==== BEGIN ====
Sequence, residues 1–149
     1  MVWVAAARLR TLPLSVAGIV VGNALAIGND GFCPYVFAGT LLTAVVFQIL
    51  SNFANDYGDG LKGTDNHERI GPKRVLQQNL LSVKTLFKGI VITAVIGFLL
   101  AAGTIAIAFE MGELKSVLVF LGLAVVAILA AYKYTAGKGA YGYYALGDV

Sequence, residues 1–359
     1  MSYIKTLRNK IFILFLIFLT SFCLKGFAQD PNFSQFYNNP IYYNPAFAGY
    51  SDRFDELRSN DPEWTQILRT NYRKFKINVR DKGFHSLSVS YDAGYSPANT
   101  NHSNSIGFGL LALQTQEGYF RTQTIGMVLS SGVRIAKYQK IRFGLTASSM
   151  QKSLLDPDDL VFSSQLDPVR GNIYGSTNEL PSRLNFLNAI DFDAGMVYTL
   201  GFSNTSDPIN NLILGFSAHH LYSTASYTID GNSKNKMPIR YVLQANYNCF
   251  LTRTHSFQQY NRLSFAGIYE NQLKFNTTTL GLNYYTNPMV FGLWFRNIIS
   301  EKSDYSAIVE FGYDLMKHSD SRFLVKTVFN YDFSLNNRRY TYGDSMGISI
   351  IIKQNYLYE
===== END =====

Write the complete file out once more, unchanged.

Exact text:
Sequence, residues 1–149
     1  MVWVAAARLR TLPLSVAGIV VGNALAIGND GFCPYVFAGT LLTAVVFQIL
    51  SNFANDYGDG LKGTDNHERI GPKRVLQQNL LSVKTLFKGI VITAVIGFLL
   101  AAGTIAIAFE MGELKSVLVF LGLAVVAILA AYKYTAGKGA YGYYALGDV

Sequence, residues 1–359
     1  MSYIKTLRNK IFILFLIFLT SFCLKGFAQD PNFSQFYNNP IYYNPAFAGY
    51  SDRFDELRSN DPEWTQILRT NYRKFKINVR DKGFHSLSVS YDAGYSPANT
   101  NHSNSIGFGL LALQTQEGYF RTQTIGMVLS SGVRIAKYQK IRFGLTASSM
   151  QKSLLDPDDL VFSSQLDPVR GNIYGSTNEL PSRLNFLNAI DFDAGMVYTL
   201  GFSNTSDPIN NLILGFSAHH LYSTASYTID GNSKNKMPIR YVLQANYNCF
   251  LTRTHSFQQY NRLSFAGIYE NQLKFNTTTL GLNYYTNPMV FGLWFRNIIS
   301  EKSDYSAIVE FGYDLMKHSD SRFLVKTVFN YDFSLNNRRY TYGDSMGISI
   351  IIKQNYLYE